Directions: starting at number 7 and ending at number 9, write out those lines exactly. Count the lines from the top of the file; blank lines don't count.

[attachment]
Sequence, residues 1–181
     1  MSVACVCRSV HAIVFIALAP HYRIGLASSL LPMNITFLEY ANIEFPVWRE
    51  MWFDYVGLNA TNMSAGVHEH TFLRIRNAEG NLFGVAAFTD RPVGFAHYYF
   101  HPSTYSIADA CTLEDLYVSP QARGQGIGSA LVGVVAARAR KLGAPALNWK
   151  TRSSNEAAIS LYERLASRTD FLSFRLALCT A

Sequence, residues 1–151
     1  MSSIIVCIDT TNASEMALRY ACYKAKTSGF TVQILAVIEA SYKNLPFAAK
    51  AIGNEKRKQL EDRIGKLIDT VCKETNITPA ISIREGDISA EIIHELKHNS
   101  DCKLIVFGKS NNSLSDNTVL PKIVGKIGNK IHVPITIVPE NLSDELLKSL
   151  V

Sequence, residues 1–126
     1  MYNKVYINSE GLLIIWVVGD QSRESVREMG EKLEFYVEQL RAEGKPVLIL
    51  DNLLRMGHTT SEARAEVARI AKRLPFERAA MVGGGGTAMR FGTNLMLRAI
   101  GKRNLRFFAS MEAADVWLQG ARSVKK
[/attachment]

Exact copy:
     1  MSSIIVCIDT TNASEMALRY ACYKAKTSGF TVQILAVIEA SYKNLPFAAK
    51  AIGNEKRKQL EDRIGKLIDT VCKETNITPA ISIREGDISA EIIHELKHNS
   101  DCKLIVFGKS NNSLSDNTVL PKIVGKIGNK IHVPITIVPE NLSDELLKSL